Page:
כי מנגד תראה את הארץ ושמה לא תבוא אל הארץ אשר אני נתן לבני ישראל
“You may view the land from afar, but you shall not enter it—the land that I am giving to the Israelite people” (Deut. 32:52).
After a magnificent poem that is a template for Jewish historical experience, parashat Ha’azinu, which we read this year on Shabbat Shuvah between Rosh Hashanah and Yom Kippur, concludes with a set of final instructions from God to Moses concerning the arrangements for his death. The verse cited above contains the very last words spoken by God to Moses as recorded in the Torah.
Years before, he had heard the words that must have filled him with immeasurable sorrow. Because of a failing described by the Torah only as a vague sin of omission—that on one occasion he had not sanctified God in the presence of the Israelites—he was told that he would not be permitted to bring the Israelites into the Promised Land (Num. 20:12). Moses did not accept this decree passively. We are told that he prayed and implored God to change His mind and grant permission for him to fulfil his dream by leading the people into the land of their destiny. But this prayer received a firm and negative response: לא תעבור את הירדן הזה “You shall not cross this Jordan” (Deut. 3:27), echoed now in this final statement, “You may view the land from afar, but you shall not enter it”.
Even Moses was powerless to change his ultimate fate. Human as we are human, Moses was destined to die without seeing his ultimate goal fulfilled. Yet he still had decisions to make. He could have made one final plea: “Look God, I think you have given me a rotten deal. For 40 years I followed Your instructions and put up with this petulant people, and then because of one small slip You deny me the right to finish what I began. And when I appealed, You told me, in effect, to shut up. Well I still protest; Your decision is simply not fair.”
Or he could have said to himself, “It’s this people and their constant complaining that got me and Aaron into trouble in the wilderness of Zin. I’m not going to give them any final blessing; let them remember that they were unworthy of me.” Or he could have simply refused to obey God’s instruction to climb the mountain for a distant view, attempting to lead the people across the Jordan himself against God’s wish.
All of these options were possible, and all of them were rejected. Despite what must have seemed like an unfair decision, Moses continues to trust in God’s wisdom and love. He had already done everything possible to prepare his successor Joshua, to strengthen Joshua’s position in the sight of the people and to build up his morale with private encouragement and counsel. In the chapters leading up to this one, he urges the people to remain faithful to his ideals and God’s teachings after he is gone. In the following chapter, he speaks his final words to the people: words of blessing, with which he bids them farewell (Deut 33). And then he climbs alone to the mountaintop for his rendezvous with Eternity, accepting his end with the confidence that others will continue his work, facing death without any human companion, with quiet dignity and inner peace.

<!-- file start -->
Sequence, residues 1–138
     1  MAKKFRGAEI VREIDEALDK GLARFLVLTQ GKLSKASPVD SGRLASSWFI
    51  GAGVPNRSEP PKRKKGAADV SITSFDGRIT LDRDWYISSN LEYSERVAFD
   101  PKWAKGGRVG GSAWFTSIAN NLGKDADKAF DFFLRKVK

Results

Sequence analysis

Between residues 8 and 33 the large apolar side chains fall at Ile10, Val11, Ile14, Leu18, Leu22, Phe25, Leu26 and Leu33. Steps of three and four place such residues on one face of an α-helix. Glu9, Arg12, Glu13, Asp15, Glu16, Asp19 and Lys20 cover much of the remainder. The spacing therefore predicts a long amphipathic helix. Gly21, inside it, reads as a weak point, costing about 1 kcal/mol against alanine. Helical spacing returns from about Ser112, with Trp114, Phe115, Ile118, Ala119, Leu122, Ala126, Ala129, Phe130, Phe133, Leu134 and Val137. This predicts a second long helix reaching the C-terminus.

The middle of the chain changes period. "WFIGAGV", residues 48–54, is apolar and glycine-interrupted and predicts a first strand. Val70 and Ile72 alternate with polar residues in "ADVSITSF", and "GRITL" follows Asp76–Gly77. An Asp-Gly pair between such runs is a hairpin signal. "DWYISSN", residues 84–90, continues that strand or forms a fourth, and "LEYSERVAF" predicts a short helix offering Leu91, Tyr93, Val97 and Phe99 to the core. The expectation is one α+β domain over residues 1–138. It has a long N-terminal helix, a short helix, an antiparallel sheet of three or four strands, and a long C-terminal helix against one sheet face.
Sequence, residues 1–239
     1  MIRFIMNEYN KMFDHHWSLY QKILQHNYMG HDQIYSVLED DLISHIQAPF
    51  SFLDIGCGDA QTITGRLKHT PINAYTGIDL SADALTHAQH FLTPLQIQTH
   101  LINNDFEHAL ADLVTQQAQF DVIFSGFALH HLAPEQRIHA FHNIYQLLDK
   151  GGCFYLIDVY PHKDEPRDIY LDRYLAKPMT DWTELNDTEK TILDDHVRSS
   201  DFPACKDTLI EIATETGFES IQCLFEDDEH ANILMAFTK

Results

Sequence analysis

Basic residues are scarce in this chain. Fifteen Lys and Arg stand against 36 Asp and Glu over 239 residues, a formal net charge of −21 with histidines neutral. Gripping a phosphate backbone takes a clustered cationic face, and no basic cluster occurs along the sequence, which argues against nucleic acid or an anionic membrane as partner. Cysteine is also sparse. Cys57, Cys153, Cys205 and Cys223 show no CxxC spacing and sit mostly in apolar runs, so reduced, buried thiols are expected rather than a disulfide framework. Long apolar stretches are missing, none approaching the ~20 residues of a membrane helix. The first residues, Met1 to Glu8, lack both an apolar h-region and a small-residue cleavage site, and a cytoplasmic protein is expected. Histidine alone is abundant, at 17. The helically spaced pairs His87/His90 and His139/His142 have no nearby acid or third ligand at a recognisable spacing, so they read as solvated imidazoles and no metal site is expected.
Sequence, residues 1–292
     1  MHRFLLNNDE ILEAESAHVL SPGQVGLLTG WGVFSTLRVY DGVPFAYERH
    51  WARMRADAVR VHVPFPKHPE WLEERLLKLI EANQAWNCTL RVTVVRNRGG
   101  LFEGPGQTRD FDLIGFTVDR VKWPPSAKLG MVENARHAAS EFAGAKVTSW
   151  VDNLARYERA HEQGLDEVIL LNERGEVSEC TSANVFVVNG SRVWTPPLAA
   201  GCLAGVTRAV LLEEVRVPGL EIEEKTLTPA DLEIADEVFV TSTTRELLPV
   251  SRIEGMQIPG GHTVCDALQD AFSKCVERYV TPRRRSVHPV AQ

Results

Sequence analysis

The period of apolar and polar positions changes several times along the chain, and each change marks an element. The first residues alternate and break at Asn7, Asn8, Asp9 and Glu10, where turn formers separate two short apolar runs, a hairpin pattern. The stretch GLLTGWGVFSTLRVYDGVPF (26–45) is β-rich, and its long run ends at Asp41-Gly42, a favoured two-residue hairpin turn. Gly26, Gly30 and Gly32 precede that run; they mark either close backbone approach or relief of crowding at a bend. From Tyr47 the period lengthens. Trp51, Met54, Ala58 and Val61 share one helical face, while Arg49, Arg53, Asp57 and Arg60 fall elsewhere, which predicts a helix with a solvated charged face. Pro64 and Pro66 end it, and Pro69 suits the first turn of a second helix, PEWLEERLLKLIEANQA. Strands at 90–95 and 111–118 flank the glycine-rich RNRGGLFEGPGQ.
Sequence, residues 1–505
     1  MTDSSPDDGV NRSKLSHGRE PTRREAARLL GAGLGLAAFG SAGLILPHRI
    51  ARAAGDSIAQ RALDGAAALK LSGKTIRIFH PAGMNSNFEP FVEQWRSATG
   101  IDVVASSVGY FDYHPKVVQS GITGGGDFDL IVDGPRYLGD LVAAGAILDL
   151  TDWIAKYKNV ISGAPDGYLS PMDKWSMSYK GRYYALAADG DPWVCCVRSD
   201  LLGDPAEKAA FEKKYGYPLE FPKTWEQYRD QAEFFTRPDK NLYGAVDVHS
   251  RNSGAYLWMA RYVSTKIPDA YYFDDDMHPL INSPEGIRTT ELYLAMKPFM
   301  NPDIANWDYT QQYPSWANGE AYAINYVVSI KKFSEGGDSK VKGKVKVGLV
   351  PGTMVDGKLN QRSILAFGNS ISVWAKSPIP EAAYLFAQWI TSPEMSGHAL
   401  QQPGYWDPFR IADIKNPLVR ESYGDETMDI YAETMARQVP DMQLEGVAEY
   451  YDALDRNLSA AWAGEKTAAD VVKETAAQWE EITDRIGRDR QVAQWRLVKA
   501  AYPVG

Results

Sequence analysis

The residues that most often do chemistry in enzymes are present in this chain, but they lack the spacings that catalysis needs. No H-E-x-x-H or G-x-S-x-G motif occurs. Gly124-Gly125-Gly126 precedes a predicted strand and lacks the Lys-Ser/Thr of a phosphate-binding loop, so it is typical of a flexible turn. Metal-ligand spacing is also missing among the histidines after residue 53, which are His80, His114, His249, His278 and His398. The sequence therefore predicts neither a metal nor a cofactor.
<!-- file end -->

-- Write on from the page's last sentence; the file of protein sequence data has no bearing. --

Each one of us, like Moses, will have to recognize some day that there are dreams we will not see fulfilled, goals we will not reach. We begin life all potential; as small children there appears to be no limit to what we might some day accomplish. Gradually the reality of our limitations is imposed. At some point in our childhood or adolescence, it may be the realization that we will never be a professional football player, or an Olympic Gold Medal swimmer. A bit later it might be that we will never write books that will revolutionize human thought, or rival JK Rowling or Dan Brown on the Best Seller’s List. As rabbis we realize that despite our best efforts we will not succeed in bringing about a great awakening of Jewish religious consciousness, transforming the lives of the masses of our people. The truth is that we are not always even the good, ethical, thoughtful, caring person we would like to be.
How do we respond to this recognition? Do we become angry at God because we were not as talented or as fortunate as others? Do we lash out in resentment at those who are now younger, more promising, more accomplished than we are? Do we abandon worthwhile causes because we have not been able to leave our personal imprint upon them, because others have taken our places and we are no longer needed the way we once may have been?
Or can we accept ourselves, take pride in what we have been able to accomplish, and temper the frustration at our shortcomings with the knowledge that we have done much of what we could, and that others will carry forward the values toward which we aspire.
Rosh Hashanah and Yom Kippur help us prepare for this final encounter with our limits, our mortality, if we observe them properly. The Days of Awe make us confront what is ultimately important; impel us to see how far we have fallen short of the person we could have been; inspire us to try to do better than we have done in the past.
But they tell us something else as well: that with all our failings and weaknesses, with all our unfulfilled dreams and our disappointed hopes, each one of us in our unique individuality is cherished by God, who wants us to be the very best we can be, but accepts our humble contrition over what we did not accomplish. In this sense, These days of Awe are indeed a rehearsal for the day when each one of us will meet our Maker and render account for our lives.
The last words Moses hears from God are that he will not enter the land of promise, but that it will be given to his people. He responds with his own final words of blessing for those who will achieve what he could not. That is a powerful model for us all.
Rabbi Professor Marc Saperstein
The views expressed in this D’var Torah do not necessarily reflect the position of Leo Baeck College.